Yahoo group: Birds-in-the-Midwest

Thu Aug 7, 2008 1:56 pm (PDT)

I am going to send some general information regarding birds through the group, feel free to send them on to your friends that have birds; hopefully we can increase knowledge about our pets so that the owners can improve things in their own homes for their feathered children.


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Probably the most common reason for people giving up their parrot is being bitten. Parrots bite, period! If you acquire a parrot of any size, from parakeet to macaw, you are going to be bitten. Not once, not twice, but many, many times over the lifespan of the bird. Birds bite in a couple of different ways and for a whole myriad of reasons.

Just because a bird laid it's beak on you doesn't mean it bit you. Birds employ 4 forms of "biting". The first form of bite is not really a bite at all. Birds in the wild will commonly grab a branch in their beak to test it for strength before stepping on it. They also use their beak to steady themselves as they climb or move from branch to branch. To the uninitiated, this can appear to be an attempt to bite and the instinctive reaction is to pull away. Unfortunately, this is often seen by the bird as a game of chase and can lead to over-excitement and a real bite.

The second form is called beaking in which the bird gently gnaws and tongues you fingers, hands and arms using the side edges of the beak instead of the pointed tips. Remember the section on parrots being natural chewers? Well, they will chew on you as well. This is a form of social interaction on the part of the bird and is often considered acceptable. However, it can easily get out of control.

The third form of bite is really more of a good pinch administered with the tips of the beak. A parrot most often does this to get your attention or to warn you of approaching danger (usually a member of your household). Not serious, but definitely irritating and painful. If there is not a welt, it wasn't a pinch.

The fourth form of bite is a bite, and you'll know it when you get one. As a rule of thumb, if you are not bleeding or missing body parts, it wasn't a bite. Over time I have been bitten on the neck, face, stomach, feet, ankles inside the thigh and many, many times on the arms and hands as shown below.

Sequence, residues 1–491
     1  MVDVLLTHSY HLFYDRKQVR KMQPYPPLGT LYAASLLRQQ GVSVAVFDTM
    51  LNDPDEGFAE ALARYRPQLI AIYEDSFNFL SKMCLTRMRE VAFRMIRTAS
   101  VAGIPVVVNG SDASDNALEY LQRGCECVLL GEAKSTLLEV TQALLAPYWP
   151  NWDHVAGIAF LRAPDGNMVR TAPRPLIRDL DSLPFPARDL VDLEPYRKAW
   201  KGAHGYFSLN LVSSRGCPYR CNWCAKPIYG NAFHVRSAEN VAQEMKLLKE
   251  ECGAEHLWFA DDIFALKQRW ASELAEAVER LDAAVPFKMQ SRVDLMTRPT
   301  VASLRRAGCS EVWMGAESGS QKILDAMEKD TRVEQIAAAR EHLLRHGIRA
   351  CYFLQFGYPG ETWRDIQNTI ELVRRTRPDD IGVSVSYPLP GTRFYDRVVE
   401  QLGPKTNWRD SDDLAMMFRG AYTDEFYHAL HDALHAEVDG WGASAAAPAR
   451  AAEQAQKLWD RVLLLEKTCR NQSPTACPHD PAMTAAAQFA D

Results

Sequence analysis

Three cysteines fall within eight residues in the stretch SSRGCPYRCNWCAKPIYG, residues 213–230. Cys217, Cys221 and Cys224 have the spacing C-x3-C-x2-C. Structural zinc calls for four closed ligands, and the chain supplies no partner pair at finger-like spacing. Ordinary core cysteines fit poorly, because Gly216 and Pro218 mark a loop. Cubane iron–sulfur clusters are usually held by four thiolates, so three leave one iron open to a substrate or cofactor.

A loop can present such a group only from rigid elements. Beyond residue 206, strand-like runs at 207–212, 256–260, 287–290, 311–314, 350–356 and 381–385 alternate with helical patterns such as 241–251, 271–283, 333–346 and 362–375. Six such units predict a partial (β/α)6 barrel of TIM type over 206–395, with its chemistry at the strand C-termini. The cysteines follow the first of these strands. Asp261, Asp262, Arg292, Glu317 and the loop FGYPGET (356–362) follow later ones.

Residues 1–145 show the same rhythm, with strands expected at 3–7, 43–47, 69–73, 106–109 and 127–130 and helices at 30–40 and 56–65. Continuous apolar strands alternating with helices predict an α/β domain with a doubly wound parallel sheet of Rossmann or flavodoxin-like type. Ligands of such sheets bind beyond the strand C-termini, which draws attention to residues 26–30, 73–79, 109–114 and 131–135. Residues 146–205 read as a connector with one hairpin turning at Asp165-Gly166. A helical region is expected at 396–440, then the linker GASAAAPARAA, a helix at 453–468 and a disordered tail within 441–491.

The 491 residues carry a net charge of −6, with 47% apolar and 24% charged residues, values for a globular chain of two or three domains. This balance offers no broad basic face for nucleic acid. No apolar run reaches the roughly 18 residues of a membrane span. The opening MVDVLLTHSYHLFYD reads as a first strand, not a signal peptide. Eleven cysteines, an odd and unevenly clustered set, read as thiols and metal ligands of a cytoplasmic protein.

A real bite can easily mean a trip to the emergency room or even a hospital stay. Bites by medium or large sized parrots have frequently caused lacerations requiring stitches, disfigurement requiring cosmetic surgery (usually lips, ears or cheeks bitten through or off), broken bones in the fingers, hand or wrist, and even amputation of fingers when they are too badly crushed. As you can see, being bitten by a parrot is no laughing matter.

Birds bite for any number of reasons. Fear, anger, hunger, jealousy, having a bad day, defending territory, it doesn't like you, or it just plain feels like it. I hear the phrase "and then he just bit me for no reason at all", all the time. While this would seem to lend credibility to the last reason, nothing could be more distant from the truth. There is always a reason, it's just not always apparent. The instinctive reaction from the unknowing new owner is to distance themselves from the bird or lock it away in isolation. This only compounds the problem and leads to frustration for both the owner and the bird which, in turn just leads to more bites. It's a downward spiral from there. Ultimately, the unhappy parrot owner ends up with what they perceive to be an uncontrollable and dangerous bird which almost always means a one-way ticket to a rescue for the parrot.

To sum it up, if you can not accept the fact that you are going to get bitten from time to time, and that sometimes these bites can leave serious wounds requiring stitches or even surgery, then you should definitely think long and hard before buying a parrot, particularly a medium or large sized one. If you are not willing to do your home work and learn about the body language that would warn you of a bite and how to avoid it, then you are very likely going to be one unhappy parrot owner.